Facial recognition is becoming an increasingly common method of identifying or verifying identity of an individual using their facial features. Facial recognition software is often particularly bad at recognizing minorities, women, and younger people, often misidentifying them, which can disparately impact certain groups —oftentimes in serious ways when this technology is used by law enforcement or government agencies.

Portland, Maine’s ballot initiative added teeth to an ordinance passed by the Portland city council in August 2020. That ordinance included the ban on facial recognition technology but did not include any enforcement measures. The recently passed ballot initiative includes measures allowing citizens to sue the city for violations, requiring the city to suppress evidence illegally obtained through the use of this technology, and making violations of the ordinance by city employees grounds for suspension or termination. The initiative additionally provides for up to $1,000 in penalties for violations, plus attorneys’ fees.

With the rise of facial recognition technology, many advocates have warned of the potential privacy and abuse implications, especially when such technology is employed by law enforcement or state agencies. Portland, Maine’s vote to approve this ban may be a signal of what’s to come in other cities across the country.

Continue to look for further updates and alerts from Bradley on state privacy rights and obligations.

Introducing… the Global Privacy ControlOne of the most reoccurring questions we’ve gotten from companies subject to CCPA that have a “Do Not Sell” link has been “What the heck do we do about this global privacy control?” Up until now, there wasn’t a clear, or even semi-helpful, answer to that question that didn’t involve a fair amount of guesswork. We now have our answer — the aptly named “global privacy control” — but what exactly does it mean?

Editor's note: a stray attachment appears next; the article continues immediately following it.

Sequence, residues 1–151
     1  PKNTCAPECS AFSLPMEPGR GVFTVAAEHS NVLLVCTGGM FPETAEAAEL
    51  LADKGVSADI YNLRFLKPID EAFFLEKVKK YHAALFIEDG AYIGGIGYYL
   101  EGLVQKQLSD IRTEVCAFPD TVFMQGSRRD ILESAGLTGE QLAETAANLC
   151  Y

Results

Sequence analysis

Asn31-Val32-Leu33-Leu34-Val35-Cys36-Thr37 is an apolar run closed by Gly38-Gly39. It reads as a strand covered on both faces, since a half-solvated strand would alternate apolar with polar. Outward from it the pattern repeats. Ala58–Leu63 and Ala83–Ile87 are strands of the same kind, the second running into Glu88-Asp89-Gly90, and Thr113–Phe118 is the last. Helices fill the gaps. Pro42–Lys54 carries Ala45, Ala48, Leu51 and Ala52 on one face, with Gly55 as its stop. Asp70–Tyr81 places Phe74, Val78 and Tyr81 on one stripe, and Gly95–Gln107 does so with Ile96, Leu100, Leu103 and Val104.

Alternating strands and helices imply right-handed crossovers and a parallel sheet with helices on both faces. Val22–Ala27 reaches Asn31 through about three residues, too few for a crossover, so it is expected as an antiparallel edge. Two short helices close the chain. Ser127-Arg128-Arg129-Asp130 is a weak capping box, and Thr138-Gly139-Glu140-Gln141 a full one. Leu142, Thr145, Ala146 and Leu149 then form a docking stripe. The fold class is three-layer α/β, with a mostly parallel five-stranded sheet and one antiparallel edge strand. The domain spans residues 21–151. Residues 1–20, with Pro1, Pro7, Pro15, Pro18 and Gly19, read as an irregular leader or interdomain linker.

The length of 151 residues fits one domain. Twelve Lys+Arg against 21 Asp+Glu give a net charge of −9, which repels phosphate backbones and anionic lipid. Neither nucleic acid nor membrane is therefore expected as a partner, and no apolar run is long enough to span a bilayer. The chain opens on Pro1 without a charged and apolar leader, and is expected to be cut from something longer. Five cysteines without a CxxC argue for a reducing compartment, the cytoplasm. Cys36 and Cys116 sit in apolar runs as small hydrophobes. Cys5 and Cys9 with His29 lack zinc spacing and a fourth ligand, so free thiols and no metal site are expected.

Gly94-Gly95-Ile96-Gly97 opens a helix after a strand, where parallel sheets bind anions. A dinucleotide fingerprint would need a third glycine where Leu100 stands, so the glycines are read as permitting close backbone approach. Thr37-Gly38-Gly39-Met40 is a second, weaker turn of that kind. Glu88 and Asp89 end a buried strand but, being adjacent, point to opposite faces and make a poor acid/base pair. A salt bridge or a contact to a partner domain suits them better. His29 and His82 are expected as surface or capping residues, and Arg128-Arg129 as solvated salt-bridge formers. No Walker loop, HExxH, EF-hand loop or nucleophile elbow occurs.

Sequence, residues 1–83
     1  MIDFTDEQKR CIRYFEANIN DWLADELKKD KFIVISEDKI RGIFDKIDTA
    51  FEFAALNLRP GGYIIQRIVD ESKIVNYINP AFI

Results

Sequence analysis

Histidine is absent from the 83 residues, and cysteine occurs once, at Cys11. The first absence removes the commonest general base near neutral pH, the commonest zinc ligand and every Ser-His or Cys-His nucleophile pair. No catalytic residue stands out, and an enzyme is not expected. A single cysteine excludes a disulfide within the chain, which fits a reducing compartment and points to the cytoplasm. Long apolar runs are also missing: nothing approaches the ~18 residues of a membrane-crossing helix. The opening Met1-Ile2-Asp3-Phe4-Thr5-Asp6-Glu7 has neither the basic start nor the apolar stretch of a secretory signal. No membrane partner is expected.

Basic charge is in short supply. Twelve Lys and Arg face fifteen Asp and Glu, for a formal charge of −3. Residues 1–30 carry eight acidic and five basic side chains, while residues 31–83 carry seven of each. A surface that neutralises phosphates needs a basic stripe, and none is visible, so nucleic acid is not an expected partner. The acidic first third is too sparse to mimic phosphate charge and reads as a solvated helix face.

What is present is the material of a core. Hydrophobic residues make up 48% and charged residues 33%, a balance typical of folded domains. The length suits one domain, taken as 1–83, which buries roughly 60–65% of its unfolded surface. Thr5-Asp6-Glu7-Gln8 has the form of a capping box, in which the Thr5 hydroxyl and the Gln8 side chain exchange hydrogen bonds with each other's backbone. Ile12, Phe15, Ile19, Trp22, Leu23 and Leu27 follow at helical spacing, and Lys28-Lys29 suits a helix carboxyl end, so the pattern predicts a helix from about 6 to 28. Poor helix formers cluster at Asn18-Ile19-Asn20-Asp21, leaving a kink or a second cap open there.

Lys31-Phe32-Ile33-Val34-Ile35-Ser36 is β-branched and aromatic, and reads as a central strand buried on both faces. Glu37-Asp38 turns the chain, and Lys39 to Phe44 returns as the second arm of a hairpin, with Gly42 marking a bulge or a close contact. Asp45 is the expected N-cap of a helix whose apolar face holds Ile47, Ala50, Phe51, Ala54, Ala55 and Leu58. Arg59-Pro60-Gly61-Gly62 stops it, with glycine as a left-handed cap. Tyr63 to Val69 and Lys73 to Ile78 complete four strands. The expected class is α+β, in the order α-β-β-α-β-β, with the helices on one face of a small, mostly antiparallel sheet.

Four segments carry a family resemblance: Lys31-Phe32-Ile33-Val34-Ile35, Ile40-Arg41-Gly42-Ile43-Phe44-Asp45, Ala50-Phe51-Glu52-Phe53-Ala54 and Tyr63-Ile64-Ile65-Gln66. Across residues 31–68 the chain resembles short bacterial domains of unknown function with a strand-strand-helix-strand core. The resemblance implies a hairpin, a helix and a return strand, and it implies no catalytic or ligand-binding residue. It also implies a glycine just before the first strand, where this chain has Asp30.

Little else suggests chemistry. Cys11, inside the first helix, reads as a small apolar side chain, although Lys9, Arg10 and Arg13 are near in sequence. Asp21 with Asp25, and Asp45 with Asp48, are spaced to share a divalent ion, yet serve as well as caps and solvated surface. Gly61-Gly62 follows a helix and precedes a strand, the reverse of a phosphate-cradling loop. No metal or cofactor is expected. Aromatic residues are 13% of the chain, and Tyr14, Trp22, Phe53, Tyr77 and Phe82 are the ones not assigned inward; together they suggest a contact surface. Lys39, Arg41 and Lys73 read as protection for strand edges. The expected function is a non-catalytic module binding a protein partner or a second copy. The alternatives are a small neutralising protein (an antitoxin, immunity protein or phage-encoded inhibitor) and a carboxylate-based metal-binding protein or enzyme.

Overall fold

This concept of “user-enabled global privacy controls” was introduced in the CCPA regulations and left companies scratching their heads as to what it meant. Specifically, Section 999.315(c) states:

If a business collects personal information from consumers online, the business shall treat user-enabled global privacy controls, such as a browser plug-in or privacy setting, device setting, or other mechanism, that communicate or signal the consumer’s choice to opt-out of the sale of their personal information as a valid request submitted pursuant to Civil Code section 1798.120 for that browser or device, or, if known, for the consumer.

The use of the word “shall” coupled with the seemingly unascertainable scope of this provision understandably got the attention of those tasked with CCPA compliance. Based on a literal reading, a business has to somehow monitor for the development of any type of mechanism that might provide an opt-out and recognize it or risk being considered non-compliant with CCPA. One caveat, subsection (1), provided that “[a]ny privacy control developed in accordance with these regulations shall clearly communicate or signal that a consumer intends to opt-out of the sale of personal information.” So, businesses only have to monitor for every possible mechanism that “clearly” communicates or signals an intention. This was an added revision made to the original draft regulations, so presumably the regulators see this as a meaningful limitation. Nevertheless, there remains no apparent limitation on a business’ obligation to proactively monitor for highly technical implementations that a business may have no internal capability to address, even if it identifies such a global privacy control. For those wrestling with this dilemma there was a temporary measure of comfort. Specifically, in the Final Statement of Reasons for the CCPA Regulations, the OAG stated that the subsection cited above “is forward-looking and intended to encourage innovation and the development of technological solutions to facilitate and govern the submission of requests to opt-out” (see FSOR at p. 37). So we knew, at the very least, the OAG had no signals in mind at the time and businesses were not expected to be processing any.